So, two weeks ago I received a wonderful, thought-provoking comment on Last Night I Dreamed I Was Drowning (the Friday Poetry for that week). It was from Appletaile, who is basically the sweetest person in the entire world and who runs the lovely blog Twist In The Taile, where she talks about writing, books, films, music, and life in general. Definitely worth checking out. :D She asked a question that I thought I should address in a full blog post rather than just in a comment, so here we are!
I'd screenshot her comment, except it keeps turning out all pixelated and gross so I'll just copy and paste instead. ;) Here's what she wrote:
"I was wondering: do you just... practice writing? Is there something that I can do to get better at it, other than sitting down in front of my computer or notebook? ... You see, whilst I do enjoy writing a lot, I feel like I don't really improve as much. (And I'm too scared to go to creative writing club at school.)"
Before I start rambling, may I just disclaim: whenever I reference "writing" in this post, I'm talking about all aspects of writing - novels, poetry, songs, short stories, flash fiction, fanfiction, whatever. It's not really an isolated thing - whatever I learn about writing is applied to everything I write.
Okay, so I'm going to begin at the beginning and address the first aspect of this question. I think I've talked about this way too many times, but just in case I still haven't made it clear enough: yes. I do practise writing. All the time. Always. If you ask my family, they'll know that I am constantly on my computer. I take my notebooks wherever I go. I've been known to borrow pens from strangers in cafes. When I'm not writing, I'm thinking about it. I doodle character sketches. I listen to writing podcasts. Basically, what I'm trying to convey: everything I do is somehow tied to writing.
But with that being said, getting better at writing is not as easy as simply sitting down in front of a computer/notebook for an hour a day and pouring words onto a page. If it were like that, quite frankly, I'd be Tolkein by now. (If only, if only.) There has to be a certain aspect of mindfulness about it - there has to be a milestone you're trying to reach, a goal you're trying to accomplish. It doesn't have to be specific, but it does have to be there. You must go into everything you do knowing that this is an opportunity to hone your craft.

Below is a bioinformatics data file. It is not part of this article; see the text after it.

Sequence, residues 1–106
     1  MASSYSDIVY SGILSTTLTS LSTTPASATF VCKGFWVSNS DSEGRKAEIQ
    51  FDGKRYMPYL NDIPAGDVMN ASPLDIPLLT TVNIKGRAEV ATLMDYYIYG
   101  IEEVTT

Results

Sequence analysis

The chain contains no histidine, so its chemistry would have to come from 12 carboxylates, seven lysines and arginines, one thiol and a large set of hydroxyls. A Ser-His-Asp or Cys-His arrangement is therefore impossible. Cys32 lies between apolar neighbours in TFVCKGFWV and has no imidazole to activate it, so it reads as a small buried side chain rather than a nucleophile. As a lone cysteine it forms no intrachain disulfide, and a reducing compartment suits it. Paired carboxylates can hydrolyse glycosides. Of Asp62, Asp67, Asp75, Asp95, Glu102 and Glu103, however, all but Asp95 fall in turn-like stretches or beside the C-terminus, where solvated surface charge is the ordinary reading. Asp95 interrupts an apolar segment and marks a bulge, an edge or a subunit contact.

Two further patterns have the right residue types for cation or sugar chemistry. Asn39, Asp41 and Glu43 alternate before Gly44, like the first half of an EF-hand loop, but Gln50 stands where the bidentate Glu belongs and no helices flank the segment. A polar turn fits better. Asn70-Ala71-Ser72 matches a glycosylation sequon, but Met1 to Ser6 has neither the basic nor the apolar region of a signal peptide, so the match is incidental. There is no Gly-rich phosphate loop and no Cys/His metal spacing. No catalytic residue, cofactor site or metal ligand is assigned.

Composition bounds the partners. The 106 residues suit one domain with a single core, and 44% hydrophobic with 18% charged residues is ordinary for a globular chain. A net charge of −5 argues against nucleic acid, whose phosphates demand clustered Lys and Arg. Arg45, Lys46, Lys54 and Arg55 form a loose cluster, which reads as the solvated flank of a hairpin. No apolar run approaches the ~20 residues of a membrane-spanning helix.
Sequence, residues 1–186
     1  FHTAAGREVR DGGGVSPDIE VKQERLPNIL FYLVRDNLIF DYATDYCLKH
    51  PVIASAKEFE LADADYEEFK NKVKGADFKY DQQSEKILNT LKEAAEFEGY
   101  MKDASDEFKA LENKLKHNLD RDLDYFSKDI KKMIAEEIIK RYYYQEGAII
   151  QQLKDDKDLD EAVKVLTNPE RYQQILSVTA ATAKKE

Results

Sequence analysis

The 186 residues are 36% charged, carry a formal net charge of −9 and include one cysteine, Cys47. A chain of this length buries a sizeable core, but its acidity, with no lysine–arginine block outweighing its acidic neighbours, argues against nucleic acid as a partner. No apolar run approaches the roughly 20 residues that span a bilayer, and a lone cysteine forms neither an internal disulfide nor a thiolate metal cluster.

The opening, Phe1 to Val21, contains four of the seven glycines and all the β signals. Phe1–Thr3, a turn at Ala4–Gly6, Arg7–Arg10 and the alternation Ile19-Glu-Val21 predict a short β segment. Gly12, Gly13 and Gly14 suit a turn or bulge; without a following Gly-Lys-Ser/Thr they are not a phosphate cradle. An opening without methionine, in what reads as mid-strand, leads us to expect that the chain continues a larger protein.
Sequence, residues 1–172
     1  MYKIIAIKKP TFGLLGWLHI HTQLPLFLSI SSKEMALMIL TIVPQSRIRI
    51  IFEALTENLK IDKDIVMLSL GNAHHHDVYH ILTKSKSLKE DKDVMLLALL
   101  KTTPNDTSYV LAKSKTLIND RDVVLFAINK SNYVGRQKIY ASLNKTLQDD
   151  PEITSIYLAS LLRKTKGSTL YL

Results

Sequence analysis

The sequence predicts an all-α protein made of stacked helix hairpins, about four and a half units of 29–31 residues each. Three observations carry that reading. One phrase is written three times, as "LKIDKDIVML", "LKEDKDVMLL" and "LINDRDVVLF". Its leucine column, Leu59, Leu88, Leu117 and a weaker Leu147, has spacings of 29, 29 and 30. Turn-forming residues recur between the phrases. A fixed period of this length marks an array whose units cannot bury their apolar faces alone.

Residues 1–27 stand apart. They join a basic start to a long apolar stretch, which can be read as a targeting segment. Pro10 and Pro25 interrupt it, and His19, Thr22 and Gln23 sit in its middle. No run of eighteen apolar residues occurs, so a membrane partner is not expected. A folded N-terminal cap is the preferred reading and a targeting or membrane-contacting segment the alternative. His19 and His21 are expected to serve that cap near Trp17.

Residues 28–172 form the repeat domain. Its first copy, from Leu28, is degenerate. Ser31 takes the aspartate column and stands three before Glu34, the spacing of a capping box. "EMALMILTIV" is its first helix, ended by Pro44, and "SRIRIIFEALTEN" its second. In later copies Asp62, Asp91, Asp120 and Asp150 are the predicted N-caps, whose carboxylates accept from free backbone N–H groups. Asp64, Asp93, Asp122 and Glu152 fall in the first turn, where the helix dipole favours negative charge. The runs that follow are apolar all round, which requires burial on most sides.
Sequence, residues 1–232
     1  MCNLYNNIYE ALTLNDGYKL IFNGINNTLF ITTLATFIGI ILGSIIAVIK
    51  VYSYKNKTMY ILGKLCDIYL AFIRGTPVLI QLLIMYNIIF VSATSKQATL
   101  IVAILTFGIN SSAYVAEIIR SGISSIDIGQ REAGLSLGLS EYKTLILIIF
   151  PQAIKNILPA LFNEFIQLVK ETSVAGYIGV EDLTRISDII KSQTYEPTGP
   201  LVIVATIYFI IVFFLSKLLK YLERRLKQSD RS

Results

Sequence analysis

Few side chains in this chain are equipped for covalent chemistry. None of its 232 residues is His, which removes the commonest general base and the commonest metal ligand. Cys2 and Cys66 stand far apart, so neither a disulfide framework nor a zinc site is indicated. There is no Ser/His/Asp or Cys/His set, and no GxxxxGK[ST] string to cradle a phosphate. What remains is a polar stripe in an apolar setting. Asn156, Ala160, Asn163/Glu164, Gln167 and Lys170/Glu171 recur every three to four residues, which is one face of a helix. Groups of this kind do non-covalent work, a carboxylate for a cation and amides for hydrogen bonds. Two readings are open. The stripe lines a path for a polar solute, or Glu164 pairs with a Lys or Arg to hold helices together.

You've probably heard this about 23048120938895 times before, but I'll repeat it again: read. Read everything. Read good things and bad things and things in between. But there's a place for pleasure reading and a place for - as I'll call it - mindful reading. Pleasure reading is exactly what it sounds like: you read because you love it. You read to lose yourself in a different world. That's the kind of reading most people do, and it can have a great, if unconscious, effect on your writing. But sometimes you need to take it a step further and go for mindful reading - the kind of reading where you actually look for specific techniques in the text that you want to use in your own writing.
When I was writing the first draft of Frozen Hearts, this was the kind of reading I used most often. I would bookmark certain passages in the books I read and later go back and see where I could apply those techniques in certain scenes. Sometimes it was little things - gorgeous descriptions, realistic dialogue. Other times it was big things - a scene where a character had died and the author made me cry. I wanted to know how I could have that same effect, pack that same emotional punch. I looked for things in books or music or poetry that truly spoke to me and figured out how to apply them to my own work - using that trick can really help you grow in leaps and bounds.
Also, this is going to be hard for you to hear, but I'm going to say it anyway: you mentioned that you were too scared to go creative writing club at your school? Well, too bad. Go anyway.
I'm 100% serious about this: it sounds harsh, but you should never turn down an opportunity to get better. Whether that's joining a club or a critique group, or buying a writing book that's on sale, or attending a talk on writing - whatever it is, those missed opportunities can really add up. Even if you're scared to death, you will never be the only nervous one there. Chances are, you won't even be the worst one!
Putting yourself out there is one of the most valuable things you can do as a writer, even if it's the most nervewracking thing you've ever attempted in your life. If you must, hold yourself accountable - tell a friend that you've signed up for the club and make sure he or she knows to drag you to wherever it's held on the right day. It really helps to have other people making sure you're doing whatever you promised yourself you'd do.
So those are my most important tips when it comes to writing: learn from the masters, but also learn from your peers. Let writing filter into everything you do. If you truly love it and are passionate about it, then that can be the most rewarding thing you can do for yourself to hone your skills. Don't be afraid to soak up everything - there is always something new to learn!